Pack Your Bags, Here’s 9 Epic Ways To Tackle Marrakech Solo

By Anna Franklyn
7th Aug 2020

Things to do marrakech

Morocco is a magical country to explore with mountains, desert and the ocean all at your feet, but before you even think of launching into any of that, you have to pay a visit to the heart of Morocco, Marrakech. With its winding medina, maze-like souks, palaces, mosques and gardens, you’ll never be finished exploring this red city.

Here are nine ways to tackle Marrakech solo.

First Of All, Stay Safe 

No need to fret, Marrakech is plenty safe, you just need to understand that if you’re a solo female traveller, you will get some unwanted attention. If it’s your first time travelling solo or you don’t deal well with a lot of attention, it might not be the best choice for your solo trip (maybe Tokyo, London or Paris will be more in your wheelhouse). If you think you’re up for Marrakech, here are a few quick tips to stay safe. First and foremost, cover-up. Solo or not, female or male, you should always dress conservatively when in Morocco out of respect for the local culture, but for solo female travellers, it will also help detract unwanted attention. Aim for non-form fitting clothes that cover your shoulders and knees at least, if not your elbows and ankles. 

Also learn to fake ‘til you make it—with directions that is. In the medina, everyone will be ready to jump on you and offer directions (usually to the tanneries where you’ll be expected to pay an exorbitant sum of money) if you look a little lost. Even if you are lost, walk with purpose and master the art of the *polite ignore* until you find somewhere to check your Google Maps in peace. Finally, choose your accommodation wisely. If you want to stay in the medina, choose somewhere close to Jemma el-Fna (the main square) so you don’t have to wander through winding alleyways after dark, or in Mouassine—more on this buzzy little hood later.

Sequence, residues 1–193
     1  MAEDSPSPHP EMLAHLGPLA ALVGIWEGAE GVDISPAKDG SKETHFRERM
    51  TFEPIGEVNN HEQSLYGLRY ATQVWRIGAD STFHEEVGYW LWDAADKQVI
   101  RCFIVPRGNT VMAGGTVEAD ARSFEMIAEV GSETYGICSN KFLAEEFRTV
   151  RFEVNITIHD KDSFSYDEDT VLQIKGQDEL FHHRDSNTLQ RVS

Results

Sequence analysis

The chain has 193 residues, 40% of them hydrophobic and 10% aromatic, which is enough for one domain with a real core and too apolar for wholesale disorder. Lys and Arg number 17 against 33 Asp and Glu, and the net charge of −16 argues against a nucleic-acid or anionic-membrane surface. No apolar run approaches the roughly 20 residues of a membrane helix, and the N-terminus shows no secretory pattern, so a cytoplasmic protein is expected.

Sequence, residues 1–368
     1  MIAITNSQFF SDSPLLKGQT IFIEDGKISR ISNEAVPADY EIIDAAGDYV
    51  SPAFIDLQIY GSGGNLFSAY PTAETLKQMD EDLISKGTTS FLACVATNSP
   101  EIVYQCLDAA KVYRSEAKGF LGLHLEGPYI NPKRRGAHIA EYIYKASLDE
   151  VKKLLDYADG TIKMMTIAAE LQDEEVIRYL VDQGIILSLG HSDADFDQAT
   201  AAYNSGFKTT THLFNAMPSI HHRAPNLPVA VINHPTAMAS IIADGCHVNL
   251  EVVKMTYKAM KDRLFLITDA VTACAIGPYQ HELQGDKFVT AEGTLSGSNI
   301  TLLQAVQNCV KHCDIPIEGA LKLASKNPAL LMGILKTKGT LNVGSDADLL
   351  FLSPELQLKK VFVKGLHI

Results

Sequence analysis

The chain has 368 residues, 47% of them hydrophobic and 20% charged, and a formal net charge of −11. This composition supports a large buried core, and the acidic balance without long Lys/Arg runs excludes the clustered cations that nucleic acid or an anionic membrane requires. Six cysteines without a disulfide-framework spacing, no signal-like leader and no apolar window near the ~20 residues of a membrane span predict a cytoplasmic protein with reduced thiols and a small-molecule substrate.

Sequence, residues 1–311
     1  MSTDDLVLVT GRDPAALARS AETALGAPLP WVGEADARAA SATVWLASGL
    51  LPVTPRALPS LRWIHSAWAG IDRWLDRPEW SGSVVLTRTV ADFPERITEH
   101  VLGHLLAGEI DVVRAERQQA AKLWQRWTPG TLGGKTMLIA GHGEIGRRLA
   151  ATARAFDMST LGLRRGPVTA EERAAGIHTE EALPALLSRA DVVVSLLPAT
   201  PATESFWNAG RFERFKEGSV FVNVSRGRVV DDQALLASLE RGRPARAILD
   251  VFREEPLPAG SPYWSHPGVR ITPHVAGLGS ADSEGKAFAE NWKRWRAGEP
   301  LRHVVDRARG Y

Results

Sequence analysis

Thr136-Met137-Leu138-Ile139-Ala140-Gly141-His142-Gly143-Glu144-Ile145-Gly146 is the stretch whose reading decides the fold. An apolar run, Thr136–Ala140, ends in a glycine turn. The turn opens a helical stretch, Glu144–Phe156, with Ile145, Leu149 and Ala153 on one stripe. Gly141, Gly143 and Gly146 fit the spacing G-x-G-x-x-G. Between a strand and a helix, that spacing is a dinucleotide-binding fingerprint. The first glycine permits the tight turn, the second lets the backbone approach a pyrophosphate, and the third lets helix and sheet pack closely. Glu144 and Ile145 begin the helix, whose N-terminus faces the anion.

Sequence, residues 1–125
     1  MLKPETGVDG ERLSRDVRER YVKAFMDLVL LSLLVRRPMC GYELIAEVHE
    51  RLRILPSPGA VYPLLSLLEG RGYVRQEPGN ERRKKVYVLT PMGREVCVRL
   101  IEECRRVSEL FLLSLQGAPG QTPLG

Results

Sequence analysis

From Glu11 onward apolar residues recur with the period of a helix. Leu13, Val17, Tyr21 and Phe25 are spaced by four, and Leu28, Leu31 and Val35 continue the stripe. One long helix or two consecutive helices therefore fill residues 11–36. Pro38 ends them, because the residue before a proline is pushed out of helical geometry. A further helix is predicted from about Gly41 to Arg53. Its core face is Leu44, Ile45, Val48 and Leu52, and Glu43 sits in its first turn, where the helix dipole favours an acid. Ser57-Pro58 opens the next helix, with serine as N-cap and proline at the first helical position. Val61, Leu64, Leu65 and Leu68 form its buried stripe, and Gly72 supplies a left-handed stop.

Explore The Medina

You will get lost, you will have what feels like hundreds of vendors vying for your attention, you will feel overwhelmed; but if Marrakech is the heart of Morocco, the Medina is the heart of Marrakech and a visit isn’t complete without experiencing this labyrinth. Walk straight past the wannabe guides on the edges and get to the heart where you’ll find gardens and rooftops hidden from prying eyes behind giant walls and souks selling everything from spices and olives to leather and carpets. Hunt down Nomad’s rooftop, La Famille’s garden, Le Jardin’s courtyard and another rooftop at Cafe des Espices while you’re there.

Get A Good Scrubbing

Visiting a hammam might just be our favourite solo activity in Marrakech, and if you’re there for more than a few days we’d suggest you go right ahead and do it more than once. You can do it at one of the public (but still beautiful) bathhouses for the real deal—our top pick is Hammam Dar el Bacha—or head to a boutique spa like Mythic Oriental Spa if you’re feeling a little nervous about the whole experience. If you want a full spa day, head to the uber famous La Mamounia for a scrub, massage and access to the beautiful pool.